Research Article

First day neonatal mortality since 1935: re-examination of the Cross hypothesis.

BMJ 1992; 304 doi: https://doi.org/10.1136/bmj.304.6823.343 (Published 08 February 1992) Cite this as: BMJ 1992;304:343
  1. R. K. Whyte
  1. Department of Pediatrics, McMaster University, Hamilton, Ontario, Canada.

    Abstract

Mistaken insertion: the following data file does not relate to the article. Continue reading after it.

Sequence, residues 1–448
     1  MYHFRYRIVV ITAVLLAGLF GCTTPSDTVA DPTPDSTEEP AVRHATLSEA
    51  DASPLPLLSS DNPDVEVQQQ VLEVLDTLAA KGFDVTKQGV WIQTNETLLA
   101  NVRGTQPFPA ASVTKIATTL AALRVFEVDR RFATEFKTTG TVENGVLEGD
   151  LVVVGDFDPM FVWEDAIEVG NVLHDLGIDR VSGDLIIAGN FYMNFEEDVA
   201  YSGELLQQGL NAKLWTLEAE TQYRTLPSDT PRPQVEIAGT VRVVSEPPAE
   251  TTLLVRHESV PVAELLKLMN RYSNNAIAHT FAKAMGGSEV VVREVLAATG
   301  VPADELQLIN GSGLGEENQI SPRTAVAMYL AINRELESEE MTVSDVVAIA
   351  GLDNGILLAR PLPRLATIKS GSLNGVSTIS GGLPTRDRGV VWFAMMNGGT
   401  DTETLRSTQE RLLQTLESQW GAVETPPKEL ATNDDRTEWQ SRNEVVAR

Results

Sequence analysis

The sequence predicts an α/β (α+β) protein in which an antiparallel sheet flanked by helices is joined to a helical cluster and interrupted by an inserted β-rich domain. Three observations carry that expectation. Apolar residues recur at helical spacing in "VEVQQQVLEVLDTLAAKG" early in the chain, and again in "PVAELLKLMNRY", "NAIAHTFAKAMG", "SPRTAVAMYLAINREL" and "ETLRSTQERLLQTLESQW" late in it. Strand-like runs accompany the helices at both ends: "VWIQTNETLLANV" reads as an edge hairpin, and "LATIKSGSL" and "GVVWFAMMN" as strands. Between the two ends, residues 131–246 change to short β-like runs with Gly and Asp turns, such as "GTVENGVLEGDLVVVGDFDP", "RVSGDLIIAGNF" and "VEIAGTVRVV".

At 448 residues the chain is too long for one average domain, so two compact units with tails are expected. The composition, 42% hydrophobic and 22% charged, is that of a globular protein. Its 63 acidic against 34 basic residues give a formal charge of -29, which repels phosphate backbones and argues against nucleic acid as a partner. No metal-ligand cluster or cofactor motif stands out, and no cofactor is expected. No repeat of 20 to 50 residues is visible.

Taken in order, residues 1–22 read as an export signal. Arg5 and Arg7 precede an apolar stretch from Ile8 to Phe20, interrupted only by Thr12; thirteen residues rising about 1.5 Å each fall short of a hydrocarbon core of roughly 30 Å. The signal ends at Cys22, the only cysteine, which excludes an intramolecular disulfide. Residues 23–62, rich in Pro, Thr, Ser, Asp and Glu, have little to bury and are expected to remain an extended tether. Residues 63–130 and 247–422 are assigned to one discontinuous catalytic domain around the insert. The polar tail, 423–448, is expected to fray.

OBJECTIVES--To describe the change in first day infant mortality during 1935-87. To examine the hypothesis that excess first day mortality in the 1950s and 1960s was attributable to restricting oxygen for sick newborn infants. DESIGN--Time series analysis of first day infant mortality and stillbirth rates. SETTING--England and Wales and the United States of America. SUBJECTS--All first day infant deaths, all neonatal deaths, and all stillbirths. MAIN OUTCOME MEASURES--Rate of fall in mortality, dates of deviation of mortality from established fall, and correlation with stillbirths. RESULTS--In England and Wales first day infant mortality fell by 3.1% a year, except between 1951 (95% confidence interval 1951 to 1954) and 1980 (confidence interval less than 1 year). During these years there were 37,000 excess deaths. In the United States an annual fall of 2.7% was interrupted in 1955 (1951 to 1954) and resumed in 1980 (1978 to 1980), resulting in 195,000 excess deaths. A similar pattern was observed in stillbirth rates. CONCLUSIONS--Restriction of oxygen in sick newborn infants cannot be the sole cause of the interruption in fall of first day neonatal mortality as stillbirth rates were also affected. The timing of onset and the course of the deviation is not consistent with the oxygen restriction hypothesis. Further investigation is needed to identify a factor affecting both fetal and newborn survival between 1950 and 1980.